How to Sharpen a Photo in Photoshop


Active Member
Oftentimes, if you would like to use a photo for something special or important, you'll need to sharpen in in post-processing. You can't count on your images being super sharp directly from your camera. Camera sensors sometimes slightly soften the scenes they capture as to avoid an annoying shimmering pattern effect that occurs if not processed, so by sharpening the image in post-processing, you'll be getting the best of the best. Obviously, if you take a photo that's out of focus or blurry, you won't be able to fix that. Taking a clean photo is the responsibility of the photographer. You can, however, remove any softening that's added by the camera.

I'll be using Adobe Photoshop for this example. More specifically, I'll be taking advantage of the Smart Sharpen feature inside of Photoshop. This is a super simple tool that anyone can operate. No experience necessary.

To sharpen today's demo photo, I'll first open it into Photoshop. Then, I'll right-click on the photo's layer in the Layers Panel and choose Convert to Smart Object.


Doing this will protect the image, as this sharpening process is destructive. As long as the layer is a Smart Object, I'll be able to return to the original, if need be. After converting the layer to a Smart Object, I'll see the layer name change from Background to Layer 0. These names aren't important to the task. I just wanted to mention the occurrence.

I also want to mention that some people choose to simply duplicate their photo by copying and pasting the file itself instead of creating a Smart Object out of it. This is up to you, whether you want to do that or not. Smart Objects can create enormous files and duplicating the original is a good option sometimes. Either way, you'll need to save the original somehow. Chances are, if it's a valuable image, you'll want what came straight out of the camera at some point.

For today's image, I'll use the Lamborghini logo in the image as a measure of whether the image is sharp or not. Before doing any labor, it's always a good idea to assess what you're dealing with. Zooming in and magnifying a photo to check its quality is a good idea. And intricate details you're familiar with are good to look at.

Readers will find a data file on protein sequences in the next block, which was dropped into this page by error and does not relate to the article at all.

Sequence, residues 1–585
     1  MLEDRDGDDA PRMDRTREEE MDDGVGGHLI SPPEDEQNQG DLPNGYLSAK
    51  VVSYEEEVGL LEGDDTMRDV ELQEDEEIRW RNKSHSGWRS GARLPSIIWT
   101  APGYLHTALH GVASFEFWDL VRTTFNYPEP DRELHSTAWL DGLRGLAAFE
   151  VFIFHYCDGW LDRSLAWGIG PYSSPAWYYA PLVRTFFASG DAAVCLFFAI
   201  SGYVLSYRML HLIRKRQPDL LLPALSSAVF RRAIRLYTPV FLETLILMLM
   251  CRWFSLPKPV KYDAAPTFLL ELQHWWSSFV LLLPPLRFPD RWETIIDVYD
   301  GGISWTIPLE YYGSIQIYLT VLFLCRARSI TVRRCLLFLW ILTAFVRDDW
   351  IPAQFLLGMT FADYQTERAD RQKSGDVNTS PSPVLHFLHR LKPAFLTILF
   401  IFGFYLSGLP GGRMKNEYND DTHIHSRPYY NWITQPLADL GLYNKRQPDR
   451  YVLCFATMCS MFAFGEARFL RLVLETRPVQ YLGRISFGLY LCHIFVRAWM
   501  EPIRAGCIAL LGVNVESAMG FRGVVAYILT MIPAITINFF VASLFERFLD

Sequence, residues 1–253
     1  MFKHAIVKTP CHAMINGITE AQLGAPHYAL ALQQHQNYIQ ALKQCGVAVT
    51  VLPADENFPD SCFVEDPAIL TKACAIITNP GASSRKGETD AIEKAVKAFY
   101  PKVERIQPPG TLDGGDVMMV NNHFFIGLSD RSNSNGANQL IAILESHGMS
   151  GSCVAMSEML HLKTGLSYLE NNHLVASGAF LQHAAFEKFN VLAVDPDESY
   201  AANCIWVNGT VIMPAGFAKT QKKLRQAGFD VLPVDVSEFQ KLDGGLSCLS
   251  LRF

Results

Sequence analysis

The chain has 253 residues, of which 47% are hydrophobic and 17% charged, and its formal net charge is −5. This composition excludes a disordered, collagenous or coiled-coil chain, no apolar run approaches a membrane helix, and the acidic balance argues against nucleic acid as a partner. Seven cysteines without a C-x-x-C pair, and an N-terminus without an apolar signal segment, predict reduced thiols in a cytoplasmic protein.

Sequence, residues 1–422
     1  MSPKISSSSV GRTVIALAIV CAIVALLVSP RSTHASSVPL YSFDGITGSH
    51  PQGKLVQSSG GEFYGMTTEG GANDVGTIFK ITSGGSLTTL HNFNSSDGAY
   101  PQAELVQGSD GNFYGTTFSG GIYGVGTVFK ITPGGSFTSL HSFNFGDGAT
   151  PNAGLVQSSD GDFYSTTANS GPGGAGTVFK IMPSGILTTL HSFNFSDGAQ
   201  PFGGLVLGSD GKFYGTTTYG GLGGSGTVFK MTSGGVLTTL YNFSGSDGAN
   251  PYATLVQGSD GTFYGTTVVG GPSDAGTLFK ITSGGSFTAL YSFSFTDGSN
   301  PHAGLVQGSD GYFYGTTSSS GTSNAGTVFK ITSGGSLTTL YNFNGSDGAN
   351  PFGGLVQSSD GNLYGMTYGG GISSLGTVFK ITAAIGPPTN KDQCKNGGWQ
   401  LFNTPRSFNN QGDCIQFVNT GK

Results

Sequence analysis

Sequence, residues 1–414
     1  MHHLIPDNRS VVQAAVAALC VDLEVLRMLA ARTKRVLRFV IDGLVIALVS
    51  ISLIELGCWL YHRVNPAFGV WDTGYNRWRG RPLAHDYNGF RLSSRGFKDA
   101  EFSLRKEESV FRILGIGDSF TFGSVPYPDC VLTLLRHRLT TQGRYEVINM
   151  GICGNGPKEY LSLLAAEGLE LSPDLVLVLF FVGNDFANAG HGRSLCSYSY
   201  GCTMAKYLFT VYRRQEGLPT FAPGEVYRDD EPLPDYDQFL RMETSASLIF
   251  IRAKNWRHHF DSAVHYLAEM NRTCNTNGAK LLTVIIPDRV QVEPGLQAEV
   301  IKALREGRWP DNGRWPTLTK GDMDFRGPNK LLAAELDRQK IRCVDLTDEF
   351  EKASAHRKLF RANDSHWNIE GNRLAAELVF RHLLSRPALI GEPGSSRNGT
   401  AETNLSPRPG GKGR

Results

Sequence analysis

Let's take a look at the emblem before I begin sharpening.


At this point, I'll head up to the top menu in Photoshop and click on the Filter > Sharpen > Smart Sharpen menu item.


This will open the Smart Sharpen dialog box.


Inside this dialog, you'll see three primary sliders. They are Amount, Radius, and Reduce Noise. The Amount and Radius sliders will need to be moved as necessary, meaning, there's no set method for pushing these sliders correctly. It's sort of an art. Start with the Amount slider. By pushing this one to the right, you'll be increasing the contrast between adjacent pixels in your image. The more contrast, the more sharp the image will appear. After that, push the Radius slider to the right. This slider controls how far reaching the increase in contrast will be per pixel. Both of these sliders can be experimented with to get just the right effect.

Once you're set with both of those sliders, move on to the Reduce Noise slider. By sharpening an image in Photoshop, a byproduct may be some grain that's introduced to the photo. The slider in question will remove some of that grain. Pushing it to the right will remove it and pushing the slider to the left will add it back.

Remember, if you'd like to enlarge your view while sharpening, you can click on the small magnifying glasses below the preview window in the dialog box. One is a minus and one is a plus. Also, depending on the size of your photo, each change you make with each slider may take a few moment to take effect. Be patient as this is memory and processor intensive.

I'll go ahead and push these sliders until I'm happy with what I see. As a rule of thumb, it's best to under sharpen than to over sharpen. Everyone can tell when an image is over sharpened. To finish and exit this panel, I'll press the OK button. Let's see what I've come up with. This is just the emblem cropped from the entire image.


It's not too obvious, but it looks good.

Another alternative to using Photoshop for photo sharpening is to use the feature that's built into many DSLR and mirrorless cameras. While you can sharpen JPEG images though, you can't with RAW. RAW images come directly out of the camera the way they were captured. They're meant to be worked on in post-processing. If you're shooting JPEG though, give your camera's sharpening feature a try to see if you like it. It's worth a shot.

Do you have any image sharpening tips you'd like to share? Is there a better way to do this than what I just showed you? If so, please let me know down below. Thanks!